Recent world headlines have carried news of extraordinary events in Egypt, New Zealand, Japan and other countries. When political unrest or natural disasters occur around the world, most of us watch the news and feely badly for the people of those countries. At Appalachian, the first thought of many faculty and staff members is, "I wonder how many students we have there?"
Hundreds of Appalachian students study abroad each year. Name a country, and chances are Appalachian students have studied there. Appalachian's Office of International Education and Development (OIED) works with students to help them understand the many opportunities available and to help them make a plan that incorporates an international experience into their individual programs of study.
Appalachian has established 66 university partnerships in 27 countries around the world. The OIED's goal is to have meaningful and active partnerships on nearly every continent.
Appalachian offers two types of international study programs:
The faculty-led shorter-term international study programs generally take place during semester breaks and over the summer. During the 2009-2010 academic year, more than 650 Appalachian students participated in these educational experiences. These programs took faculty and students to more than 30 different countries, including Australia, Bolivia, Brazil, China, Costa Rica, England, France, Ecuador, Germany, Ghana, Greece, India, Nicaragua, Spain, Taiwan, Thailand, Uganda, and the West Indies.
More than 170 Appalachian students took advantage of international exchange and study abroad opportunities during the 2009-10 academic year. These students lived in a foreign country and studied at a university, many for a semester or longer. Appalachian students studied abroad in more than 50 countries in Africa, Asia, the Caribbean, Central America, Europe, the Middle East, North America, Oceania (Australia and New Zealand), and South America.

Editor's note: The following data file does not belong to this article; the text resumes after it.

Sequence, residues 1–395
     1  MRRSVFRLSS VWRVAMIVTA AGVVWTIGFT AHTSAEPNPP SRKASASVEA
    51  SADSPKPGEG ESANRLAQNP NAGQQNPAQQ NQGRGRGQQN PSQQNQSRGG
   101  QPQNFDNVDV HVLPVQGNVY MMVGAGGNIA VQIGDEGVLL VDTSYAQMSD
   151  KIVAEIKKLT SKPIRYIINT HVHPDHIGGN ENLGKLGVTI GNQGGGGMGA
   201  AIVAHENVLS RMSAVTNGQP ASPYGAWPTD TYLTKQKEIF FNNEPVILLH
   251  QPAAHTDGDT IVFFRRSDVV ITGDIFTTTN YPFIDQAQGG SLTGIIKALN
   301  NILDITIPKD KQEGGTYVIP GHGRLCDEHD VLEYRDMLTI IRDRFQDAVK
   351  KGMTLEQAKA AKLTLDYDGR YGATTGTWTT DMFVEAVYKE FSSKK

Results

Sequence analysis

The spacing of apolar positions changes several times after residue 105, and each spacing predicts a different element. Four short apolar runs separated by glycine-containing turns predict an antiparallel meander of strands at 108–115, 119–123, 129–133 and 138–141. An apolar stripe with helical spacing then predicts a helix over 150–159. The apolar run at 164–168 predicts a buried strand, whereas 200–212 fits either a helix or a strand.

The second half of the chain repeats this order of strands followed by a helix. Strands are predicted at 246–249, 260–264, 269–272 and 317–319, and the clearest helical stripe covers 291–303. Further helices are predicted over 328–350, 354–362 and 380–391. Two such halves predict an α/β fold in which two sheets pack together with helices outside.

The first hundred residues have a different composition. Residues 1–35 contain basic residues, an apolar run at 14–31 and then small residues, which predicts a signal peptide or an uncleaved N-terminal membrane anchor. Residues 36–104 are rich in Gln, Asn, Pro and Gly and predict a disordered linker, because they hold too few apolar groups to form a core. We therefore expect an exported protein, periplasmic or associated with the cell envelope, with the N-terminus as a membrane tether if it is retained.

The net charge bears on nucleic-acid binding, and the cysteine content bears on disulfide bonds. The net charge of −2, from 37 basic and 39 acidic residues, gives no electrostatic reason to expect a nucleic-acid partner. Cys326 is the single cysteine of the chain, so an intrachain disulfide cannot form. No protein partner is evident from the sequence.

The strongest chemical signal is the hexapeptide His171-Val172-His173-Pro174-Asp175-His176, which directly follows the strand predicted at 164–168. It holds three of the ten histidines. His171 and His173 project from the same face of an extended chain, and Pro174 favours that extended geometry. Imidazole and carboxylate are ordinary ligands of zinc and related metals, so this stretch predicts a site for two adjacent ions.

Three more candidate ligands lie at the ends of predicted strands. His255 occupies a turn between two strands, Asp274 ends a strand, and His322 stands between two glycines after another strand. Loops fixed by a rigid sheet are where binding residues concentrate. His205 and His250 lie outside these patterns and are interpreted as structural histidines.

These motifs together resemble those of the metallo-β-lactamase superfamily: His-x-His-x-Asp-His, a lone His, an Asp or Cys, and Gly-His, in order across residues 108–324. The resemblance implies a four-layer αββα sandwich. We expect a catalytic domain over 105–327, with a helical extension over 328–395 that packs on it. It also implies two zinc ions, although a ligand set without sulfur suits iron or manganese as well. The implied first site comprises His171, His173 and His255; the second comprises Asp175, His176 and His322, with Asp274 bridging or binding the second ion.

"We don't limit our students in terms of destinations, unless there are U.S. State Department restrictions," explains Jeanne d'Arc Gomis, assistant director, international student exchange and study abroad. "We have exchange partners, and sometimes those partners limit the number of students we can send to popular locations like Australia, England and the Netherlands in a given year. But if the student is flexible, we can work together to provide a meaningful international education experience."
There are some requirements. Students must have a GPA of at least 2.75 and be in good standing with the university. The foreign university they want to attend also must offer courses that will meet requirements in their program of study at Appalachian.
The OIED begins informing and educating students about international study opportunities as soon they step on campus for freshman orientation. The key messages students and their families should remember are:
Most Appalachian students who study abroad for a semester or longer choose to do so during their junior or senior year. The OIED recommends students start the research and application process at least one year in advance, including applying for a passport, which they can do on campus.
"We will work with the students every step of the way," Gomis said. "Once applications have been approved and destinations determined, our pre-departure orientation programs inform students of health and safety issues and provide guidelines and procedures to ensure their experience is both rewarding and safe. We maintain contact with the students, their parents and our partner institutions around the world. The students' safety is our top concern."
In addition to Appalachian's network of partner institutions around the globe with which Appalachian has exchange agreements, the university also is a member of the University of North Carolina Exchange Program (UNCEP) and the International Student Exchange Program (ISEP). These give Appalachian students increased opportunities for international study almost any where in the world.
"We [OIED] encourage all students to seek international learning experiences to deepen their global and cultural awareness," Gomis said. "We strongly believe every student can and should study abroad regardless of major."
For more information about international study opportunities at Appalachian, see http://international.appstate.edu/education.
In addition to faculty-led and traditional international exchange and study abroad opportunities available to Appalachian students, many are traveling abroad for service-learning experiences or to conduct research.
During the last two years, Appalachian has developed new partnerships with colleges and universities in southern India and South Africa. These partnerships provide opportunities for student and faculty involvement in service-learning courses, service-based internships and community-based research.
In addition, Appalachian's Office of Student Research, the Cratis D. Williams Graduate School and the OIED have created an International Student Research Program to support faculty-mentored research opportunities. Over the last three years, more than two dozen students have received funding through this program to conduct international research.